The 2008 proposal for a Directive on Consumer Rights (hereinafter: the Draft) aims at reorganizing the acquis of four specific European directives on consumer protection into a more coherent codification of consumer rights. Specifically, it contains rules on precontractual information duties, on withdrawal rights for distance and off-premises contracts, on consumer sales and on general contract terms in consumer contracts. In replacing the four directives with a minimum harmonization character, the Draft marks a further step towards full harmonization of consumer contract law in Europe. This is an unsettling step because the level of protection offered to consumers in the Draft hardly exceeds the level of protection offered by the four directives mentioned earlier. Instead, it diminishes this protection in some regards. In light of all this, the question arises whether the policy choices underlying the Draft are, in fact, convincingly underpinned by solid argumentation. This article addresses this issue by first analyzing the Draft's use of the generic concept of “contracts between consumers and traders”. It is argued that full harmonization of a badly delineated territory is ill-advised. Subsequently, the argumentative power of the policy considerations forwarded by the European Commission in its Regulatory Assessment Study is tested. The article concludes that the Commission’s assessment of expected costs and benefits of the Draft is waver-thin and geared towards persuading the reader of the aptness of choices already made. In some respects, the evidence presented by the Commission is outright unconvincing. At certain points, the Draft even fuels the reader’s suspicion of foregone conclusions. Overall, the need for reduction of the level of protection offered by the current minimum harmonization directives is poorly argued by the Commission and appears, in a number of important ways, not to reflect the socio-economic relationships that exist in at least some of the Member States.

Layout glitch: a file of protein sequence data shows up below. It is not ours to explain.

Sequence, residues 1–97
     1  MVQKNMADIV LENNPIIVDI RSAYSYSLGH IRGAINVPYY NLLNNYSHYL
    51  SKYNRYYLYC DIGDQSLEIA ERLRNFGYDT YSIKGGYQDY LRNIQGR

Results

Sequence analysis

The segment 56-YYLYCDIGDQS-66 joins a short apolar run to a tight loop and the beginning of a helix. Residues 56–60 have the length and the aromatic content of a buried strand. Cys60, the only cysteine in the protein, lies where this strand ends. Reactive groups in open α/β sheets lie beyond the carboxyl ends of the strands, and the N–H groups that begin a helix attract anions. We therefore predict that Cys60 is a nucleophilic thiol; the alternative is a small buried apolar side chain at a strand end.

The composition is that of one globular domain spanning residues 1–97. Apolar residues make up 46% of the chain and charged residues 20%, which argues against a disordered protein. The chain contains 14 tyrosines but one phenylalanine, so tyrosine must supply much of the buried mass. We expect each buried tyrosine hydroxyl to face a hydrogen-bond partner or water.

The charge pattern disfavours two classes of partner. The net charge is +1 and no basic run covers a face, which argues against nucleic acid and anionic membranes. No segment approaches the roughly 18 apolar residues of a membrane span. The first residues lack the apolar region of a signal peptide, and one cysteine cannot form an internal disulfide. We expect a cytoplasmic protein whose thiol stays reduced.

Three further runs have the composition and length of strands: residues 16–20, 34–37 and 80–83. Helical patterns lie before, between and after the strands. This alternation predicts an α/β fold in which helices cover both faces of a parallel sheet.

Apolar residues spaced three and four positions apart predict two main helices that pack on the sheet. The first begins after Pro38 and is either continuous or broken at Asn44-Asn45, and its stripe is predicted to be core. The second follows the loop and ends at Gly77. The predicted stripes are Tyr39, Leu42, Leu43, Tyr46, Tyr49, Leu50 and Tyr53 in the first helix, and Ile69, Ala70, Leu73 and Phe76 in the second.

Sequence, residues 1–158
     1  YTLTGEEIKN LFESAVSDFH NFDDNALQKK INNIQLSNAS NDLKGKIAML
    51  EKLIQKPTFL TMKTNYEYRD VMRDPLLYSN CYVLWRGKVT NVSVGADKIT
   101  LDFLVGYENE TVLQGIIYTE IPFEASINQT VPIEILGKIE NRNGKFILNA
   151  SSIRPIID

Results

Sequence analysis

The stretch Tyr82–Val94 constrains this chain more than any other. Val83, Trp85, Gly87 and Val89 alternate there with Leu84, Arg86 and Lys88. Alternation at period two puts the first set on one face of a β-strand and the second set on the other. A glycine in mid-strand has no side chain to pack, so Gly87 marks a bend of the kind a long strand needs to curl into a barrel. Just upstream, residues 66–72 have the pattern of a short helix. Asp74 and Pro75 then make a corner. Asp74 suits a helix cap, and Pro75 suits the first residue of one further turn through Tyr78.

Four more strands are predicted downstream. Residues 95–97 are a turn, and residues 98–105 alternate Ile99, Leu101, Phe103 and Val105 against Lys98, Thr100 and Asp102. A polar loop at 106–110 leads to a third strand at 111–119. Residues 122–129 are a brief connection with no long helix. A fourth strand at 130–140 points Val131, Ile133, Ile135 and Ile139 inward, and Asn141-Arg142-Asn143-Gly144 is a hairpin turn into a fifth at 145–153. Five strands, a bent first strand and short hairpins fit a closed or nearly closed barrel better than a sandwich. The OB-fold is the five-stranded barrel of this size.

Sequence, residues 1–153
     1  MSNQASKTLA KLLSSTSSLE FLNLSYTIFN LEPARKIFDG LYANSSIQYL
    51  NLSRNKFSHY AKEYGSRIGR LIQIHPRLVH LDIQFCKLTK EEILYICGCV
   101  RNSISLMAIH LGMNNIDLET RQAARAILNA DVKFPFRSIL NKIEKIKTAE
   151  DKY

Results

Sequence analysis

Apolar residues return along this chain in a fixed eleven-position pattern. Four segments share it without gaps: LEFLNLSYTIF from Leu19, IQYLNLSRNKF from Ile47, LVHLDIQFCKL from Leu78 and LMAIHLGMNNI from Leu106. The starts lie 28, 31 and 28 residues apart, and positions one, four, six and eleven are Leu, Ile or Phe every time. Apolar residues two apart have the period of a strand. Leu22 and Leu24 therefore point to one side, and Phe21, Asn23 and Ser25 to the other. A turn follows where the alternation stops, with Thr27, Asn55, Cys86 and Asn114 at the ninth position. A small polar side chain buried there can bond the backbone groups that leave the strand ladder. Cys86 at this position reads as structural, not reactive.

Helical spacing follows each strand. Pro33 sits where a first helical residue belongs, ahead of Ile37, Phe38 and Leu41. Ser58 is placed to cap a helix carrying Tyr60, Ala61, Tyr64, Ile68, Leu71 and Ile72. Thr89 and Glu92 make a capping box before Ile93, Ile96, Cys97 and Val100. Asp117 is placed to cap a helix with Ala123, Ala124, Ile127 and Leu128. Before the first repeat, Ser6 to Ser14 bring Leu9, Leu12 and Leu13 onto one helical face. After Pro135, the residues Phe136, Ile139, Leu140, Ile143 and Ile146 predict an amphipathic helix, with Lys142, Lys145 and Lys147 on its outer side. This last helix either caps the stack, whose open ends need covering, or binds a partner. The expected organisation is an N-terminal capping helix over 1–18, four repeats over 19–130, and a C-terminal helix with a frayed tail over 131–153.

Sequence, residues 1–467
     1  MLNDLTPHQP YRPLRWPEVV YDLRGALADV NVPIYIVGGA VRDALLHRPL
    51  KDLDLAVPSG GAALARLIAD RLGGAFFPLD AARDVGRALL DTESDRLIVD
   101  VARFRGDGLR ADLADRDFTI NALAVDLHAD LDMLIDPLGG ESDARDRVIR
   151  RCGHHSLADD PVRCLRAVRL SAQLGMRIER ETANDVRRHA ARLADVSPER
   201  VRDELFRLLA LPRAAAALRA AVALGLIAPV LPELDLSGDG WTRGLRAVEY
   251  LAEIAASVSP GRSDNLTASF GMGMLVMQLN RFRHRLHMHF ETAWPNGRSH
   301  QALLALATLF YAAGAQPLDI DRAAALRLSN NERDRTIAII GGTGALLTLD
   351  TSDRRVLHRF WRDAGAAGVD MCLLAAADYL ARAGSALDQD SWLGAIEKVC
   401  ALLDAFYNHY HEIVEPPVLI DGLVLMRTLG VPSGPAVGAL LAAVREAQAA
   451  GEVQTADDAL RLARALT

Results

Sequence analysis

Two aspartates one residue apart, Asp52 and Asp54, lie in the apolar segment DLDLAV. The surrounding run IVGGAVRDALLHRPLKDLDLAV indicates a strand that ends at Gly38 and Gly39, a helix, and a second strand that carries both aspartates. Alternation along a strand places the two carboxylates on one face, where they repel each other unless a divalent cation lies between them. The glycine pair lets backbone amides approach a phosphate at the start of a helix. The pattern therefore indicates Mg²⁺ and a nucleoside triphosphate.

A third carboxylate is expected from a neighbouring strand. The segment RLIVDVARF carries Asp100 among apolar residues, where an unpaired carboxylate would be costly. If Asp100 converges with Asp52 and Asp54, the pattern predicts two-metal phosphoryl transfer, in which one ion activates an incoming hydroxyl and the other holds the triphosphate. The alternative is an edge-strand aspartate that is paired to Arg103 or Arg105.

European consumer law, full harmonization, domestic preferences, Regulatory Impact Assessment
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